• stee: 94) The plantlikes ARE willing to unleash a virus upon the Avians to ensure their survival.
  • mari: 95) The AI HAS a body.
  • curi: 96) The Ursines HAVE made a pact with their pantheon representative to fight only in self-defense.
  • stee: 97) The AI's body IS a suit of humanlike power armour named Cortana.
  • mari: 98) The gods WILL destroy everything if total war erupts.
  • curi: 99) The Aquatic race IS preparing to perish if they can't stop the war.
  • all: 100) The setting IS called 'The Four-Fold War'.
You can see the full "Four-Fold War" world and more examples are at his website where, besides the worlds themselves, you might find an idea or two that might spark your own world.

Thursday, November 22, 2007

Be thankful

thanksgivingtree.jpgYou know those trees with the handprint leaves you write something to be thankful for on? Your favorite Evil Dude (E.D.) has been inspired to create one. Of course he'll use severed hands instead of construction paper and carve his message with a fresh craft knife rather than use crayon.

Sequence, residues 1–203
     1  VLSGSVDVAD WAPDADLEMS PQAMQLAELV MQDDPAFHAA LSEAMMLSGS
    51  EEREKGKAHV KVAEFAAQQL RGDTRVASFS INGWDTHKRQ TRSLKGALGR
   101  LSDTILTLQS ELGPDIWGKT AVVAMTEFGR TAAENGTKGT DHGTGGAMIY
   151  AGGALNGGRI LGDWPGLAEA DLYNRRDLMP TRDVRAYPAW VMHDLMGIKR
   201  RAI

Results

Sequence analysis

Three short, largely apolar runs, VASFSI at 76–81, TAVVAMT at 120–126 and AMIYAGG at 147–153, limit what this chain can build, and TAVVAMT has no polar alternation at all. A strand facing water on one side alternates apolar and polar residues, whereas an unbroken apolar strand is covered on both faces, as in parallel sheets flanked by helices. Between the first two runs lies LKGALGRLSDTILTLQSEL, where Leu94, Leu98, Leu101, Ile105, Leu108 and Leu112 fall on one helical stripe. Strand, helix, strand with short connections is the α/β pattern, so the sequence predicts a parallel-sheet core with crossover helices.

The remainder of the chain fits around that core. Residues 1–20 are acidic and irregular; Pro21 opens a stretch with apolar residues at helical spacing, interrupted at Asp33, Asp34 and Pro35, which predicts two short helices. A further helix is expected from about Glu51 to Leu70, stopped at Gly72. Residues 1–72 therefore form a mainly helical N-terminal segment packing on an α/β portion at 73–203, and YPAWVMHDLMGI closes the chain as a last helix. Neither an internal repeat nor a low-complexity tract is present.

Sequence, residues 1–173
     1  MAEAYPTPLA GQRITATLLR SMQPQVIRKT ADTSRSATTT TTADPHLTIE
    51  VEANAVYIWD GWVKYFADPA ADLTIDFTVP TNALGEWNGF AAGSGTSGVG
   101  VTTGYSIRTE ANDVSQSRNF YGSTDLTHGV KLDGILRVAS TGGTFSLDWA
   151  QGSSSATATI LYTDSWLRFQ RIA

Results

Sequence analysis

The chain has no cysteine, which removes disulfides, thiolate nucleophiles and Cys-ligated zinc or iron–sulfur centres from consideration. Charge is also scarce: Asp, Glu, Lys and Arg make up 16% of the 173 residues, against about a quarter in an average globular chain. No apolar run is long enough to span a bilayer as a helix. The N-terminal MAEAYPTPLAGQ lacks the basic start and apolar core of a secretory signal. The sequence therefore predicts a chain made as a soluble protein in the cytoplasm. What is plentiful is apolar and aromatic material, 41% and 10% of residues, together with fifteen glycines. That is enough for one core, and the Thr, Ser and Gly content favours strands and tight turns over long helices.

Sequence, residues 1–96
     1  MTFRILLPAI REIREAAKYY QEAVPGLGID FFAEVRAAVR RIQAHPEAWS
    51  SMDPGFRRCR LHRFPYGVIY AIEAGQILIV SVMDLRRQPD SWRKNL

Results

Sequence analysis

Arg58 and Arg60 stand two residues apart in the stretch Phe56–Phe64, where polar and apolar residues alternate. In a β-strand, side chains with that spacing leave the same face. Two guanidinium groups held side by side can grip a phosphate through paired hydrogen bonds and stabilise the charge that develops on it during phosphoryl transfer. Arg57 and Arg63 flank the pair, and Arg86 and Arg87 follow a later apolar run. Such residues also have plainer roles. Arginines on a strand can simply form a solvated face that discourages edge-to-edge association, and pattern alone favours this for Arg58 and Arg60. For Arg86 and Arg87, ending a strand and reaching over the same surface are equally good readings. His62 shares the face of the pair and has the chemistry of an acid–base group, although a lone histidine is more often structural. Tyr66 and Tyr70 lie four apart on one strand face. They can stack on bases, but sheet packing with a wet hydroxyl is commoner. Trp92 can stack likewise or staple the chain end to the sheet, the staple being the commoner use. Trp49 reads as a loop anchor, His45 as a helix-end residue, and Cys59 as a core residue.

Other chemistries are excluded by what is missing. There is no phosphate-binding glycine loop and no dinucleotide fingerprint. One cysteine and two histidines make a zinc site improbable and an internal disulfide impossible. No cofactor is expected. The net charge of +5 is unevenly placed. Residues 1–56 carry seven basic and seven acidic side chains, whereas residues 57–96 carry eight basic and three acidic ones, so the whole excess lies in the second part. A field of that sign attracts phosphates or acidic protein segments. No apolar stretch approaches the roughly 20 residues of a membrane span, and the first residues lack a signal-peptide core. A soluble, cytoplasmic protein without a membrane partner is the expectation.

So, what's he thankful for? Make a list.

Happy Thanksgiving!

Tuesday, November 20, 2007

Watch for falling rocks


(Click picture for a large image)

Write a news report for this. Newspaper. TV. Internet news. Tabloid. Just because it's a real photo, don't feel compelled to tie yourself to reality! :-)

Saturday, November 17, 2007

More plot ninjas

clownfuneral.jpgSeventh Sanctum has a wealth of information for writers and oodles of generators of all sorts. Need a less cliche vampire character? A sword of power? A god or goddess? Legend? Name for a gadet or dark ritual or disease or corporation? They've got them and lots lots more.